The hepatitis E vaccine, Hecolin®, is a non-infectious recombinant protein vaccine developed by researchers at Xiamen University and commercialized by Xiamen Innovax Biotech Co., Ltd. (INNOVAX). The sequence is based on the capsid protein of an HEV gt 1 virus first isolated from a patient in the Xinjiang Uighur autonomous region in 1988 (DNA Data Bank of Japan [DDBJ] accession no. D11092).36 The vaccine protein contains the part of the capsid protein that is essential for viral–host interaction with known neutralizing epitopes. Antibodies developed against these specific neutralizing epitope structures prevented infection in experimental systems.37 The developers optimized the vaccine protein length so that the protein self-assembled into virus-like particles (VLP), which resemble an empty virus.38,39 The VLPs are then adsorbed to aluminum hydroxide (AlOH), an adjuvant common to many vaccines, to create the final vaccine product. Prior to trials in humans, the efficacy of the vaccine was evaluated in rhesus macaques and found to be protective against a direct viral challenge.40

The safety and efficacy of Hecolin® was evaluated in a randomized, double-blind, placebo-controlled, single-center phase III clinical trial conducted in a gt 4 endemic location, Dongtai, Jiangsu Province, China from August 2007 to May 2009.41 A total of 112,604 subjects 16–65 years of age were randomly assigned (1 : 1) to receive Hecolin® or a licensed hepatitis B control vaccine intramuscularly at 0, 1, and 6 months. Hepatitis E cases were identified by active surveillance performed at 205 sentinel sites. The trial’s primary objective was to evaluate prevention of hepatitis E during the first year of follow-up beginning 30 days after the last dose. Per-protocol vaccine efficacy was 100% (95% CI, 72.1–100) with no cases of hepatitis E among vaccine recipients and 15 cases among placebo recipients. In an intention-to-treat analysis considering all who received at least one dose, there was one case of hepatitis E among vaccine recipients (this participant had received only one dose). All remaining 22 cases were in the placebo group, resulting in a vaccine efficacy of 95.5% (95% CI, 66.3–99.4).41 Of note, the efficacy after administration of two doses measured during the 5-month interval between dose 2 and 3 was also 100% (95% CI, 9.1–100), which suggests that two doses administered 1 month apart in an emergency or outbreak setting might offer protection for at least 5 months.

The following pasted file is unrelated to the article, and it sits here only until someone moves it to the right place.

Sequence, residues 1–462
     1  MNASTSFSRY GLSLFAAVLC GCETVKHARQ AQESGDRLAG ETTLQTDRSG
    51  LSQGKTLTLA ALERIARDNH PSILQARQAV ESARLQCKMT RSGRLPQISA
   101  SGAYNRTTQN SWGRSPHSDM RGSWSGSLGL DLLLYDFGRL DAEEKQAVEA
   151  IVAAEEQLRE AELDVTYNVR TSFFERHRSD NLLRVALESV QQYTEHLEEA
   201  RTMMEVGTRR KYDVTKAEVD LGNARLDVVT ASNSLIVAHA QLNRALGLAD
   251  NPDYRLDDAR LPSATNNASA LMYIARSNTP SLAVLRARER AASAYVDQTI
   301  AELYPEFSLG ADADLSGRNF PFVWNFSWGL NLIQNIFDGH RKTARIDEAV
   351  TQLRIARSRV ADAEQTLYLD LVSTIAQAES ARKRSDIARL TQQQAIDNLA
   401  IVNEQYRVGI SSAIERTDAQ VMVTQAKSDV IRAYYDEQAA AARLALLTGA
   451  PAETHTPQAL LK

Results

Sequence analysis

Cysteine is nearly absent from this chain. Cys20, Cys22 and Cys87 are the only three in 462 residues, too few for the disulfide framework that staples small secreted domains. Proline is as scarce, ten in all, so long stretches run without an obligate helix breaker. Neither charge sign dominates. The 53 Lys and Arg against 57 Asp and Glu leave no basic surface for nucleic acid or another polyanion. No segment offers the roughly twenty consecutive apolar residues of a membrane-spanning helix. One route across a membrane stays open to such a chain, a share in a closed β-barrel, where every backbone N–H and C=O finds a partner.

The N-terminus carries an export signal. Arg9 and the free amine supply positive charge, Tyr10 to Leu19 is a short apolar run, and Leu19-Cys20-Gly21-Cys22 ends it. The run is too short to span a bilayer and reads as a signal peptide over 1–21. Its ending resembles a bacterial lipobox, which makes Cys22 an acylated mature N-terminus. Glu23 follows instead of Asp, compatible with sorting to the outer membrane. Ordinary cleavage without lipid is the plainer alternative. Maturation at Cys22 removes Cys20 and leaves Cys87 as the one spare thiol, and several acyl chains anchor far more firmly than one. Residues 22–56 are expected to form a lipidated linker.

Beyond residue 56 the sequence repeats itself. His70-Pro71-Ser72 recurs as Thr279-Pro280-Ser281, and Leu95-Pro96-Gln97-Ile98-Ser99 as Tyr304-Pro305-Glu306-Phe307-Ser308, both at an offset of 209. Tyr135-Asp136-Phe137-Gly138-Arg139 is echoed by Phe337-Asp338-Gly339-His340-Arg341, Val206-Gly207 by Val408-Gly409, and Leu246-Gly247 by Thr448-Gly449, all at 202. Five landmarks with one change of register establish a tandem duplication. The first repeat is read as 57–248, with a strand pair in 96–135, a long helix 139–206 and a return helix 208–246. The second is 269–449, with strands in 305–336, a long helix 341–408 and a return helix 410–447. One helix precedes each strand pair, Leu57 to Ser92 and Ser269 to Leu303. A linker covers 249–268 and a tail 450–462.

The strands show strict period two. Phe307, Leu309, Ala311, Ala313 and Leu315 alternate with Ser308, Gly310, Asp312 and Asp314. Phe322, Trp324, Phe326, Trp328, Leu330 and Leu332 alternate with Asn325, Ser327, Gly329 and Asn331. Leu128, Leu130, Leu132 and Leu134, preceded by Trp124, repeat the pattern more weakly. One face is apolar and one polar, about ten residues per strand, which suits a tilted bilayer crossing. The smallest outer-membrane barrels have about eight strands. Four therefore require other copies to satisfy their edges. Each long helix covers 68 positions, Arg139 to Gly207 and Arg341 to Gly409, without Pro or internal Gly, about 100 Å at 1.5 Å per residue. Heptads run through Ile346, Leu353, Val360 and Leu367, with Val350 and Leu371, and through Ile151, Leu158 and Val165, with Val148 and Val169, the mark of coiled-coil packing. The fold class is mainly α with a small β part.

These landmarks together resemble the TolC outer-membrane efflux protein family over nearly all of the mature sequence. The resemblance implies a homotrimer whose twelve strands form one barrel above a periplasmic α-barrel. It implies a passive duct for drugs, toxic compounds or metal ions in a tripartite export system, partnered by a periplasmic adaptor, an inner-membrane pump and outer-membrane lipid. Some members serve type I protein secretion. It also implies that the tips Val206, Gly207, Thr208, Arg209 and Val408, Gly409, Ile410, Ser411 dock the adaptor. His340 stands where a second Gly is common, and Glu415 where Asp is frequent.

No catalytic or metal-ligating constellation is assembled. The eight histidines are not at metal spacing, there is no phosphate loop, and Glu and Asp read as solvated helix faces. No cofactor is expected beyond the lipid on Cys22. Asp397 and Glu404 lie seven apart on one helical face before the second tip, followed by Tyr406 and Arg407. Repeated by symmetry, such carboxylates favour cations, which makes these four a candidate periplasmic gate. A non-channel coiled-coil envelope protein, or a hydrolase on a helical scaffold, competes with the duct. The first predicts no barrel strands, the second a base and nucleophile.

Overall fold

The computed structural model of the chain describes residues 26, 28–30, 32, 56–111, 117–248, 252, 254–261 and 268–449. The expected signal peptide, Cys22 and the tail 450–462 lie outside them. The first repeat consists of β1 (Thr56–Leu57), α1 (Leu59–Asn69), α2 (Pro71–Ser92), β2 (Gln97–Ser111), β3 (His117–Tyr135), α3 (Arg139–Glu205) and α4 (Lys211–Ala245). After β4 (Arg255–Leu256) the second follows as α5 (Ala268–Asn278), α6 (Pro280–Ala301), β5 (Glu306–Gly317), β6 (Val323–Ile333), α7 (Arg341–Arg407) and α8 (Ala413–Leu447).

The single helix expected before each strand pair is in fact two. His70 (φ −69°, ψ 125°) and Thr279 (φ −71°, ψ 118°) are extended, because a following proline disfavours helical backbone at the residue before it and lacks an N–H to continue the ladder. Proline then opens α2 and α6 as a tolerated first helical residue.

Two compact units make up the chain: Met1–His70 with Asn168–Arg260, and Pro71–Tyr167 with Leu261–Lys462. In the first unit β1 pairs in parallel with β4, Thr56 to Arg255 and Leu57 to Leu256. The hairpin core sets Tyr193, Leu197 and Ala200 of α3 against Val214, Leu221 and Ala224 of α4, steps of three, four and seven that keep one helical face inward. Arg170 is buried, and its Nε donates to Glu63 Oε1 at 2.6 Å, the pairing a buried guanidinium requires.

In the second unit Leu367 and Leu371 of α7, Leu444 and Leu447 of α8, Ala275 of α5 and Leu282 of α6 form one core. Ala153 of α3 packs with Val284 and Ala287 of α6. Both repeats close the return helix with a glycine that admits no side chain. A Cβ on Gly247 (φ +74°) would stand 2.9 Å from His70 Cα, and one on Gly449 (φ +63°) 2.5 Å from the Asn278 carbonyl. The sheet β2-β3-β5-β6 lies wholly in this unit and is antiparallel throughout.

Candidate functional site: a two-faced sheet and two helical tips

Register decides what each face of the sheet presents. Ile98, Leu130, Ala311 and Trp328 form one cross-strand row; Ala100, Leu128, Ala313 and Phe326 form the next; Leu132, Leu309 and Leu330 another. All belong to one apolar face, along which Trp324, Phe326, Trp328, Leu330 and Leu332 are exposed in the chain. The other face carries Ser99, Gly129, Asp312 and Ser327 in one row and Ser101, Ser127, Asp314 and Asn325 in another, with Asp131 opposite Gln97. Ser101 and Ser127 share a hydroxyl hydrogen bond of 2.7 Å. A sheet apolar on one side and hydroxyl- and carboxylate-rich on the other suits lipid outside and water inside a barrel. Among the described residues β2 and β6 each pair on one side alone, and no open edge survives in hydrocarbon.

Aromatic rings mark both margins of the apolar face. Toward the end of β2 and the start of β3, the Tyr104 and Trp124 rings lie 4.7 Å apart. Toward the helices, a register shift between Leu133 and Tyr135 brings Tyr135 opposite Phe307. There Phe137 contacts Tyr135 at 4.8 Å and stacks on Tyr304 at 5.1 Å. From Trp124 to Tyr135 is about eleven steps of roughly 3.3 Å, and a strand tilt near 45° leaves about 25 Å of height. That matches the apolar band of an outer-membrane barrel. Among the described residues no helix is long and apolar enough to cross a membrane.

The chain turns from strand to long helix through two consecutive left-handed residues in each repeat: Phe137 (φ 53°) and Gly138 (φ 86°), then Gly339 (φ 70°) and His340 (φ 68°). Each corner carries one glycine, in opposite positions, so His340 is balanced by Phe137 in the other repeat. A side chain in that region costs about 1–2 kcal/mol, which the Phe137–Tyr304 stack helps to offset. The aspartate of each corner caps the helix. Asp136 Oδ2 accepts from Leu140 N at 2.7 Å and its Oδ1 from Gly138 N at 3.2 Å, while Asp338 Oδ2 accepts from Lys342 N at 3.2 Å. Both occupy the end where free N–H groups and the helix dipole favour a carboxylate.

In the extension of the phase III clinical trial, the blind was maintained, and all subjects were followed out for 4.5 years (55 months) using the same surveillance system. The efficacy of HEV 239 vaccine against clinically apparent hepatitis E disease according to the protocol case definition (ALT >2.5 times upper limit of normal) was 93.3% (95% CI, 78.6–97.9) in a per-protocol analysis and 85.1% (95% CI, 67.1–93.3) in an intention-to-treat analysis.42

As was expected in the geographic area of the clinical trial, 26 of 29 HEV isolates obtained from subjects were gt 4; the others were gt 1. The high efficacy afforded by the gt 1-derived vaccine against disease caused by gt 4 HEV supports the concept that Hecolin® could provide protection against all genotypes.41 Further supporting this concept are immunogenicity data generated with a monoclonal antibody competition assay using a broadly cross-neutralizing murine monoclonal antibody, which detected broadly cross-neutralizing antibody in serum specimens from Hecolin® recipients.43

Reactogenicity data in the phase III trial was collected from a subset of participants (∼2645) from one township; these subjects were followed for solicited and spontaneously reported adverse events. The proportion of all solicited local adverse events was higher in the vaccine group than the comparison group (hepatitis B vaccine) (13.5% vs. 7.1%).41 Most adverse events were mild.41 The frequency of solicited systemic adverse events were similar between the two groups (vaccine group, 20.3%, vs. comparison group, 19.8%).41 For all participants in the trial, the frequency of solicited local adverse events was higher in the Hecolin® group than the comparison group (2.8% vs. 1.9%), perhaps because of the 30 μg vs. 5 μg disparity in antigen content.41 The rates of serious adverse events (SAE) were similar between the vaccine and comparison arms in the first 19 months of the trial and over the extended 4.5-year follow-up period. None of the SAEs were attributed to the investigational vaccine.41,42